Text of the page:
Governments must use their fleet purchasing power to help get rid of all new petrol and diesel cars by 2035, a new report by the Grattan Institute says.
In the first of a series of reports leading up to the internal climate conference in Glasgow in November, the think tank focuses on the transport sector, which it says was responsible for 18 per cent of Australia’s emissions in 2020.
The report says the best way to cut transport emissions is to switch to zero-emissions in the nation’s light vehicle fleet, which accounts for 62 two per cent of those emissions.
“To reach net-zero emissions in the transport sector by 2050, emissions need to fall dramatically. The light vehicle fleet should be close to zero carbon by 2050.
“Therefore, if Australia is to reach net zero by 2050 at low cost, it is inevitable that the future light vehicles fleet will be almost entirely made up of zero-emissions vehicles.”
Governments should take a lead by using their own fleet purchasing power to encourage better performance from manufacturers, the report says.
Its says compared to an outright ban on petrol and diesel light vehicles by 2035, this would offer a simple and popular ‘light-touch’ approach, if the least effective.
“Some state governments have already set targets for electric vehicles in their government fleets,” the report says. “Others should follow suit when fleet contracts are next renewed”.
Governments should also only buy or lease vehicles from brands that meet emissions standards and buy the lowest possible emission vehicles to meet need.
Those policies could include not just the government fleet but vehicles provided to government employees via salary packaging.
Comparing policies for zero emissions light vehicles for government use:
- Commonwealth – none
- NSW – target for fully electric fleet by 2023
- VIC – 400 Vehicles to be replaced by zero-emissions vehicles by 2023
- QLD – increase number of EVs to 288 by 2022
- WA -25 per cent by 2025-26
- SA – require new fleet vehicles to be plug in electric models where fit for purpose and cost effective
- Tas – 100 per cent electric by 2030
- NT – none
- ACT – all newly leased fleet passenger vehicles to be zero emission by 2021 where fit for purpose
More action needed
The report says low emissions government fleet purchases are an action that can be taken immediately, but on their own aren’t enough.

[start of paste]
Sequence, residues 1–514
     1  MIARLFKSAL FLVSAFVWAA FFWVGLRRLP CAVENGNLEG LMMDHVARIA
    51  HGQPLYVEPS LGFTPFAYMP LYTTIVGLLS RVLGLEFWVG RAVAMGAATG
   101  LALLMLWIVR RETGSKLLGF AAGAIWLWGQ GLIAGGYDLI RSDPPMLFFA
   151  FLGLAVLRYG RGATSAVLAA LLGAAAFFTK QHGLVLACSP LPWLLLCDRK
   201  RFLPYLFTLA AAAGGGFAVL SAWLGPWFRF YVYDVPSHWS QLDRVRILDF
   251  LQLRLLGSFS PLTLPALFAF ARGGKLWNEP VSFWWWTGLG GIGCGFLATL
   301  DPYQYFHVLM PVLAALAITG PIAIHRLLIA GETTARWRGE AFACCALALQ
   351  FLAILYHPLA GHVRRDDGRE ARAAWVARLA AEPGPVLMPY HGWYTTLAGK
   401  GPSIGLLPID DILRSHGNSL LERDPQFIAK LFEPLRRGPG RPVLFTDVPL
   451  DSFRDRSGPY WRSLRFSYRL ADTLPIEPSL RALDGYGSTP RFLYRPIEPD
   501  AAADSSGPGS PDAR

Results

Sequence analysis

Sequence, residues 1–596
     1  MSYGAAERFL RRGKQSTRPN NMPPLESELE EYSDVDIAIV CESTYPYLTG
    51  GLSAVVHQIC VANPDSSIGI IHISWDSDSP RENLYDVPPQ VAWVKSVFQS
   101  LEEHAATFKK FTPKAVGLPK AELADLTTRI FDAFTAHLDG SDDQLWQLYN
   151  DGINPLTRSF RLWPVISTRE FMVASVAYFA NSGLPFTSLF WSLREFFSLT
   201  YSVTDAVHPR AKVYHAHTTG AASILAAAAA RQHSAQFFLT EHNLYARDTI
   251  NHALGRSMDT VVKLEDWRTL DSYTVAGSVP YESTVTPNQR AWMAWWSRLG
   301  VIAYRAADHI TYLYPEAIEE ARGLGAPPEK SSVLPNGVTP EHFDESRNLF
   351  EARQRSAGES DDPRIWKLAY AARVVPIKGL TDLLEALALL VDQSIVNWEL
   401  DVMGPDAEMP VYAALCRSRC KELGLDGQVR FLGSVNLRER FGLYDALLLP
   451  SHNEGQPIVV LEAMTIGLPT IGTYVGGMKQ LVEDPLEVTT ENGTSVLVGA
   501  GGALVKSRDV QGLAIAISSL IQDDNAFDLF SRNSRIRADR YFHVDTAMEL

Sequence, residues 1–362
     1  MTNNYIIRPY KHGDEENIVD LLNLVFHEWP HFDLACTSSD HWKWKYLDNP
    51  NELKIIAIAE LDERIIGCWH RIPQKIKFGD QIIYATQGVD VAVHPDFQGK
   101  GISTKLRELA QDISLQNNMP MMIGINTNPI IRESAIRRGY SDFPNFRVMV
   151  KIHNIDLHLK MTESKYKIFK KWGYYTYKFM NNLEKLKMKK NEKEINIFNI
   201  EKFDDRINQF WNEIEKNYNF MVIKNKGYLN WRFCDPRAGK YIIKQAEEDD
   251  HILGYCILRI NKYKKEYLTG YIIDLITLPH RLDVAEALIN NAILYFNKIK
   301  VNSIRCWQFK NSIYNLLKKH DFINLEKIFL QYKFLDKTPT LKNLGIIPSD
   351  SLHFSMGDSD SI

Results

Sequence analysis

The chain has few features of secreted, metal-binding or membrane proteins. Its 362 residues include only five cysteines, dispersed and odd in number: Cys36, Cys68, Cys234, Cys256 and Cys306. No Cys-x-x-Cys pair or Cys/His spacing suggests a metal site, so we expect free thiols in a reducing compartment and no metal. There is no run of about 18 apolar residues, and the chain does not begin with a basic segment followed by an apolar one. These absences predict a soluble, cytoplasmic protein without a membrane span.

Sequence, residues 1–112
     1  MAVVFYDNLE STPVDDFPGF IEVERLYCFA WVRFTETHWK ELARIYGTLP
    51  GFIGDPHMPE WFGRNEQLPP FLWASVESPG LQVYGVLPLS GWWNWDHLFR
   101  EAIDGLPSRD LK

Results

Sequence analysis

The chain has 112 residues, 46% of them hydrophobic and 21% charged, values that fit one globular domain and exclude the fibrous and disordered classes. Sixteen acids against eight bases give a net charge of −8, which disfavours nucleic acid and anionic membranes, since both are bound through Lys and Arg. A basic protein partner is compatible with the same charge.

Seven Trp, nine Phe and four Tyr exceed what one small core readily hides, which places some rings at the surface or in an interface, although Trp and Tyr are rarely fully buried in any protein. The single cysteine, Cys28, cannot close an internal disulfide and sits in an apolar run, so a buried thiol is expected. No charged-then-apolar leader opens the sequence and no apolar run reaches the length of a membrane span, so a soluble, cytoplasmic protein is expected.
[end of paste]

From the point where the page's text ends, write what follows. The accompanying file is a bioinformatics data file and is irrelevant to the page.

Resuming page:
It also recommends the federal government impose a mandatory emissions limit on light vehicles and reduce that limit to zero by 2035.
To help encourage the market, the government should exempt zero-emissions vehicles from. Stamp duty, import duty and luxury car tax.
It should also boost charging infrastructure, including updating the national construction code to require all new buildings with off-street parking include electric cabling for vehicle chargers.
Annual emissions from transport grew from 82 million tonnes in 2005 to 101 million in 2019 driven by population growth, larger vehicles, increased freight and more flights.
Emissions dropped during covid but it’s projected they’ll rebound and reach 100 million tonnes by 2030, the report says.
Light vehicle emissions on the increase
Australia currently has about 18 million light vehicles, up from 14.7 million in 2010 – and Australians are driving bigger, heavier cars than they were a decade ago. Light vehicle emissions have increased by 14 per cent since 2005.
Rigid and articulated trucks are the next largest source of emissions, accounting for 20 per cent of total transport emissions in 2019, with domestic aviation making up less than a tenth of transport sector emissions.
The remainder comes from small sources including diesel-powered trains, domestic shipping and watercraft, buses, and motorcycles.
The report recommends targeted trials of zero emission trucks, particularly hydrogen, to assess their performance under Australian conditions and practices.
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